The core of the recovery process lies in this step-by-step procedure:

1. Uncouple (autopilot off, if using)/neutralize/analyze

2. Push to unload

3. Roll to recover

4. Power adjusted as needed

5. Steps to return to the previous phase of flight, if that makes sense

What can you do if a full-up UPRT course isn’t in the cards right now? Take a look at the following sample accident scenarios, and discuss them with your instructor in your next periodic proficiency session.

* February 2012: At Melbourne International Airport (KMLB) in Florida, a Cirrus SR22 crashed in the traffic pattern maneuvering to follow another airplane.

* January 2017: A wake-turbulence encounter occurred between an Emirates A380 flying from Mali, West Africa, to Dubai, United Arab Emirates, and a Challenger 604, with the Challenger’s diversion to Muscat, Oman.

Continue reading your story on the app

Continue reading your story in the magazine

MORE STORIES FROM FLYINGView All

Sudden Surprise Trouble

What the FAA taketh away, it giveth back.

4 mins read
Flying
January - February 2021

LIFE IN THE AIR: Living the Dream

The journey from M X to CFI

5 mins read
Flying
January - February 2021

Doc, David, Herb and the Cops

A once-in-a-lifetime B-29 flight

5 mins read
Flying
January - February 2021

WHEN THE MUSIC DIES

VFR FLIGHT INTO IMC

10+ mins read
Flying
January - February 2021

WE FLY: FLIGHT DESIGN F2

AN ALL-AROUND ALL- COMPOSITE TREAT

10+ mins read
Flying
January - February 2021

Tail Tales

What works on one airplane might not work on another.

5 mins read
Flying
January - February 2021

STINSON 108

THE FLYING STATION WAGON

6 mins read
Flying
January - February 2021

Blame for the 737 Max

The FAA designee program is too big to fail.

5 mins read
Flying
January - February 2021

Bittersweet Goodbye

Leaving the flight deck amidst a pandemic

7 mins read
Flying
January - February 2021

An Aviation Mentor

Why it’s so important

4 mins read
Flying
January - February 2021
RELATED STORIES

SEARCHING for HEROES

These are three stories of discovery from New Zealand.

4 mins read
Faces - The Magazine of People, Places and Cultures for Kids
November/December 2020

How to Become A Bear Hunter

Rookie Mistakes in Baiting Bears - You’ve got to do a lot of things right to kill a mature bear over bait, especially on a DIY hunt.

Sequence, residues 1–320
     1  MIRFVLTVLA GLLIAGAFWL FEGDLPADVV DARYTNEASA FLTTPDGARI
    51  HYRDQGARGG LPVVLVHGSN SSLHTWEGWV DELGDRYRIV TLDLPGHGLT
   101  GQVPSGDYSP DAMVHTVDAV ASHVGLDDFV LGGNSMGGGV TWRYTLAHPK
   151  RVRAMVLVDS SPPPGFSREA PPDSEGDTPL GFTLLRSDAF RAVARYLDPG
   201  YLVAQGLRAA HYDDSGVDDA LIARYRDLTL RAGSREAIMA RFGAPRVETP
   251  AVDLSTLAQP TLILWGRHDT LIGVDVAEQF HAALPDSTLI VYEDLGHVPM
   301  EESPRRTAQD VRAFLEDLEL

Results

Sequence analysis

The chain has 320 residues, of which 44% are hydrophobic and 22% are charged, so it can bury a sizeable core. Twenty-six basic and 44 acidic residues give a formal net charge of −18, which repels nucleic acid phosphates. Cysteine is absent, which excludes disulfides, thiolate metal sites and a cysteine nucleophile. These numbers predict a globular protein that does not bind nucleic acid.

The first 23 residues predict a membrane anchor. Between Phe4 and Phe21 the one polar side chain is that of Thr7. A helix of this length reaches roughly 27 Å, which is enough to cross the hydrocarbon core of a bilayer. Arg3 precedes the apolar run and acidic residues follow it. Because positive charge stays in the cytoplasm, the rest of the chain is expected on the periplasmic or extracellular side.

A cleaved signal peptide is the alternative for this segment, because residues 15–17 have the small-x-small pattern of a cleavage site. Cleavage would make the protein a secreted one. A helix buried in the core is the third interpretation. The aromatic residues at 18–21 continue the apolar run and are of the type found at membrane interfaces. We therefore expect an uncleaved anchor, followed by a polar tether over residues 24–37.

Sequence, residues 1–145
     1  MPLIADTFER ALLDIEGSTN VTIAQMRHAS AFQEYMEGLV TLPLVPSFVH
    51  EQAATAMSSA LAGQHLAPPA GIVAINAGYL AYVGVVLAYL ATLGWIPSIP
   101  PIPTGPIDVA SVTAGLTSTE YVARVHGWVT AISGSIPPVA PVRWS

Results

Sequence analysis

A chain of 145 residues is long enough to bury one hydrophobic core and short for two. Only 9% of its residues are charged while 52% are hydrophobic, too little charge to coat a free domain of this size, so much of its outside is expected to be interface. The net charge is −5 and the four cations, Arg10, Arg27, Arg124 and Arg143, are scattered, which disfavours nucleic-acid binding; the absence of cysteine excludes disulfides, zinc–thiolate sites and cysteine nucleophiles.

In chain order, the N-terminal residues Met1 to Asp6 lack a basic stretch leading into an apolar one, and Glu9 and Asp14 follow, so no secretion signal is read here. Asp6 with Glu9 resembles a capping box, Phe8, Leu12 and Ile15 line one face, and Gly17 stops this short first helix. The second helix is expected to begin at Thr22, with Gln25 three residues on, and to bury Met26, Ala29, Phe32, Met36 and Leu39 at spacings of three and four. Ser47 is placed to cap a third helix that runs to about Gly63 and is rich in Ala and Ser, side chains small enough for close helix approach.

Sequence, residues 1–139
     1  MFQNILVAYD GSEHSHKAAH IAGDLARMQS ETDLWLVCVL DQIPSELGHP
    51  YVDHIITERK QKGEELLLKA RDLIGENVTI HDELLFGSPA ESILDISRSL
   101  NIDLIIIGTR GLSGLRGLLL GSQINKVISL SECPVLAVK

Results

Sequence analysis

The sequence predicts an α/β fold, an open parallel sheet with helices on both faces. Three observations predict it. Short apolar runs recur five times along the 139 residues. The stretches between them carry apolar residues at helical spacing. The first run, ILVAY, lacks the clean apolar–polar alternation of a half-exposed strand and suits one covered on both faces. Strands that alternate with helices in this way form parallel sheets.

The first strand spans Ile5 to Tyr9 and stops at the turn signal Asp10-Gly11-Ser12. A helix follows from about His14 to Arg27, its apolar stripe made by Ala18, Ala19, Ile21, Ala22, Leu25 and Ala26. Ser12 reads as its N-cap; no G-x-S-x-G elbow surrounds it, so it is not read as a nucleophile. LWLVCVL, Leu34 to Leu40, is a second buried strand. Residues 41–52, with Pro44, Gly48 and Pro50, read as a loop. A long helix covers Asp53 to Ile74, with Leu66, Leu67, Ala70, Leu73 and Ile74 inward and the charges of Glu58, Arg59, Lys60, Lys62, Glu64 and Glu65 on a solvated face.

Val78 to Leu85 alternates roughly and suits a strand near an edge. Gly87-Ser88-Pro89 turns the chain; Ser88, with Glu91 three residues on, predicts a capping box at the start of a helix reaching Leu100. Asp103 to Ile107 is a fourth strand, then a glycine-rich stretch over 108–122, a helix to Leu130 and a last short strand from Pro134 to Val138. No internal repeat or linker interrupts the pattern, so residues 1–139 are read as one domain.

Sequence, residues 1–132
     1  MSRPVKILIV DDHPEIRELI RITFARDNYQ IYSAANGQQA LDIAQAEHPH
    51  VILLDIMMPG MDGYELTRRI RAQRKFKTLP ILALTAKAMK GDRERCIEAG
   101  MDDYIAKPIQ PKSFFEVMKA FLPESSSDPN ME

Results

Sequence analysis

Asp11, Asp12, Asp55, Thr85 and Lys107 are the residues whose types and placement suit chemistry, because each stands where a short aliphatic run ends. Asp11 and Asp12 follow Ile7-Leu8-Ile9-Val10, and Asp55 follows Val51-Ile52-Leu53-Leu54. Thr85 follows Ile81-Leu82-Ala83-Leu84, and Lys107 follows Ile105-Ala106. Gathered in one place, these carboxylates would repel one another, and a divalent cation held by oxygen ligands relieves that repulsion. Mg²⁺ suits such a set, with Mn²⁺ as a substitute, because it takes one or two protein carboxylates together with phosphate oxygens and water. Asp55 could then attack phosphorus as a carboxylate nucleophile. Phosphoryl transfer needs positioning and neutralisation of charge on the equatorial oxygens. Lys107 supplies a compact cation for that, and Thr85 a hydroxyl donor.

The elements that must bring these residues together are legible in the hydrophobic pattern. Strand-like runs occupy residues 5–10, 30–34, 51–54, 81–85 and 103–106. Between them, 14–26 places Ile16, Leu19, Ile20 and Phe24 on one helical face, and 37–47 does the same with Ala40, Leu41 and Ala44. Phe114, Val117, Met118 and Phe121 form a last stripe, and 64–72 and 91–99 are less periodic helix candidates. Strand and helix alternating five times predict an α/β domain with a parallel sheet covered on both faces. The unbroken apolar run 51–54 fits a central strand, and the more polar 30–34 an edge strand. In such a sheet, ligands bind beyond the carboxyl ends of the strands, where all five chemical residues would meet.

5 mins read
Bear Hunting Magazine
September - October 2020

Sounds of Laughter

Life may not be easy, but we can be kinder to ourselves and others and try to find the positive, good things in our world.

3 mins read
Transformation Magazine
September 2020

THE BLACK SWAN

Are You Overtrained, or Undertrained?

4 mins read
Muscular Development
August 2020

Serayah McNeill: Working on Her Empire — From Home!

FIND OUT SERAYAH’S SECRETS TO DOING IT ALL. You may know her as Tiana Brown Lyon on the hit TV show Empire. But offscreen, Serayah McNeill is working on an empire of her own. As a singer, actress, model and key figure in her mother Kanika’s charity, Deserving Love, she’s busier than ever these days.

2 mins read
Star
July 6, 2020

HOW TO CLEAN THE BUNDLE OF GERMS THAT IS YOUR PHONE

You’re washing your hands countless times a day to try to ward off the coronavirus.

1 min read
AppleMagazine
March 20, 2020

BLUE RIDGE NATIONALS

The secpond stop on the 2020 National circuit was close to home for riders from the East Coast, being held at the Virginia Horse Center in Lexington, Virginia.

5 mins read
PULL Magazine
March 2020

Being Shot

WAS THE PROFESSOR DYING OR MERELY EXPERIENCING A NEW KIND OF AMERICAN DISCOURSE?

10+ mins read
Playboy Sweden
December 2019

Our Hanukkah Tree

A Jewish daughter searches for the perfect giftfor her Christian mother

3 mins read
Guideposts
December 2019 - January 2020

'I Believe'

It was Christmas Eve morning, and I awoke with a mission: to find my lost cat, Baby-Girl. As I got ready, I could hear icy rain pelting the windows. I said a quick prayer for Baby-Girl. She was out there somewhere in the storm, I could just feel it. Sure, it had been six months since she’d gone missing, but I still had faith. It was the season for miracles, after all.

5 mins read
Mysterious Ways
Dec/Jan 2020